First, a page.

Dermaplaning: More Than Just a Fancy Razor

If you've got excess hair, you want to remove it as quickly and painlessly as possible. Dermaplaning is a great option to consider; here's why.
Dermaplaning scalpel

You look in the mirror, and a dull complexion greets you. You’re drinking water and moisturizing, but the glow is gone. It may be time to treat yourself – and your face!

A dermaplaning session can be a great way to brighten and refresh skin. This minimally invasive procedure – often performed by a dermatologist or licensed esthetician – can reduce the appearance of scars, large pores, or signs of aging by carefully sloughing off old skin to reveal the fresh, new skin underneath.

Dermaplaning is most often performed on the face but can be done anywhere on the body. It is a popular facial resurfacing treatment for those who want the benefits of deep-down exfoliation without using laser resurfacing or chemical peels.

You might consider dermaplaning treatment if …

If your main goal is to relieve and reduce the appearance of dull or dry skin, fine lines, or acne scars, dermaplaning can check those boxes. The procedure is also reported to help remove actinic keratosis, which are scaly skin patches that sometimes lead to skin cancer. And, of course, it’s a great way to lose unwanted peach fuzz and the stray hairs that sometimes crop up over time.

While dermaplaning is a fairly straightforward way to improve skin, you should hold off on this treatment if you have an active case of acne, cold sore outbreaks, rashes, eczema, or skin growths such as moles, freckles, or skin tags. 

Can I just use my razor?

Woman holding a razor

It’s tempting to think that dermaplaning can be done at home with a Bic razor, and no doubt many people have gone this route. But there’s more to dermaplaning than simply shaving one’s face straight out of the shower with an all-purpose razor blade. 

In dermaplaning, a small, surgical grade (and sterile) scalpel is used to remove the dead skin cells, oil, bacterial, and peach fuzz hairs. The right amount of pressure is applied to reach fine hairs and the top skin layer without going too deep or missing patches of skin.

One can find several products and tutorials online geared towards helping with DIY dermaplaning at home, and these guides are worth checking out – with caution, of course. A professional will know to use a steady hand and the correct blade to effectively remove dead skin cells and fine facial hair while avoiding cuts to the face, scarring, and infection. 

Before and during the procedure


It’s important to begin your dermaplaning session with clean, hydrated skin. Check for any new acne spots or irritations before beginning.  

While dermaplaning doesn’t require general anesthesia, the dermatologist or licensed esthetician will sometimes use a numbing cream or spray applied to the face about half an hour before the procedure.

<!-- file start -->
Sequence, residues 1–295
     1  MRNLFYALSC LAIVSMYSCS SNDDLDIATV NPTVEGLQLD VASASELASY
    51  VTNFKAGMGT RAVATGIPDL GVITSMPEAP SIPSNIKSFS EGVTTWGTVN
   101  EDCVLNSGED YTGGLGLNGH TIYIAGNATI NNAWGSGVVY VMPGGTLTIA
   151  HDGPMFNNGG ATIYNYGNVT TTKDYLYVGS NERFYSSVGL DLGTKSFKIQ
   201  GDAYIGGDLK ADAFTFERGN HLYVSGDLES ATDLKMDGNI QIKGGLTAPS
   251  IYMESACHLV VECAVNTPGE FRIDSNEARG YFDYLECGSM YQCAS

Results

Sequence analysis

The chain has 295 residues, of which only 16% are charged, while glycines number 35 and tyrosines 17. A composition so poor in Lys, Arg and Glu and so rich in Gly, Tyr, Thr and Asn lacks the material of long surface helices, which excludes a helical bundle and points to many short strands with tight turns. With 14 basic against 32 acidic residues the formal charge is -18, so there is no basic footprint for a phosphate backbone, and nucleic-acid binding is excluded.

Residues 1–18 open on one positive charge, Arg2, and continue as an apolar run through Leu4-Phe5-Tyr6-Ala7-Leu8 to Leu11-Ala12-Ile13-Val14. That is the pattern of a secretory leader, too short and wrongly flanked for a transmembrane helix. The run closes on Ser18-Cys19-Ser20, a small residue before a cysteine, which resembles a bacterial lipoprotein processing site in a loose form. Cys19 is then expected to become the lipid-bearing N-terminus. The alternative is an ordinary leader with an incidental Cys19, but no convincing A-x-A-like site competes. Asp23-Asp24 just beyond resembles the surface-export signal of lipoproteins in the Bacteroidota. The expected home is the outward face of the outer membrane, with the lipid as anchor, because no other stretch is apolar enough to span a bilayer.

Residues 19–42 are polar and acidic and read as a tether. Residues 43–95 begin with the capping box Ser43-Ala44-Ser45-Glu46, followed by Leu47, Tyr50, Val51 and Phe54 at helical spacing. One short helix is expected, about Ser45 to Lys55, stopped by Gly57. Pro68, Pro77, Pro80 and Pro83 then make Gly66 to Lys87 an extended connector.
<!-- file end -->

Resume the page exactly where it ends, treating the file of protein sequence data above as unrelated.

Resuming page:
It’s common to feel a scratching or stinging sensation on the skin, but dermaplaning should not be painful.

This treatment can last anywhere from a few minutes to half an hour. After the dead skin and hair are removed, the person doing the dermaplaning will usually apply a soothing gel or ointment to the face to reduce redness, swelling, or irritation. 

What’s the difference between dermaplaning, dermabrasion, and microdermabrasion?

Dermaplaning scalpel

There are lots of options out there for skin resurfacing, each with varying degrees of prep work, recovery, and results. Dermaplaning, dermabrasion, and microdermabrasion are all types of non-chemical, non-invasive skin resurfacing procedures. 

Each of these treatments utilizes a different tool and removes varying amounts of skin. While dermaplaning uses a specialized scalpel to remove dead skin, dermabrasion utilizes an electrical device with a small, oscillating blade that moves back and forth to “skim” the top surface layers of skin. 

Dermabrasion is the more “aggressive” resurfacing technique compared with dermaplaning and microdermabrasion. It is sometimes a surgical procedure and may treat more wrinkles or scars than the other two can reach. The trade-off to this is that, as opposed to dermaplaning, dermabrasion comes with more recovery and downtime. 

Dermabrasion - dermatologic surgery

A chat with a dermatologist or licensed esthetician can uncover the best course of action based on your skincare goals, challenges, and budget. 

Tips for after-care

Skin resurfacing techniques can sometimes come with short-term effects that should be monitored. Following dermaplaning or dermabrasion sessions, women may notice their skin is a bit red and swollen or experience a slight tingling, burning, aching, or even scabbing. Typically, though, dermaplaning has little to no recovery time. 

After dermaplaning, patients should apply a soothing serum or moisturizer, avoid direct sunlight (definitely use a reliable sunscreen), and avoid touching the face and applying makeup right away, as pores will be wide open and more susceptible to clogging and irritation. 

How often for best results?

The glowy results of a dermaplaning session can last up to four weeks. 

Most patients who enjoy the benefits of dermaplaning repeat the procedure about once a month, which coincides with how often the body is naturally replacing skin cells. That said, more or less frequent visits all depend on a person’s specific needs and skin conditions. 

While regular dermaplaning will not halt the aging process, it is an effective way to brighten the face after a dry spell, remove peach fuzz, and even help products penetrate deeper and make makeup go on smoother. It’s like hitting the ‘reset’ button with instant results. In the words of Ina Garten, “How bad can that be?”

At Home Options

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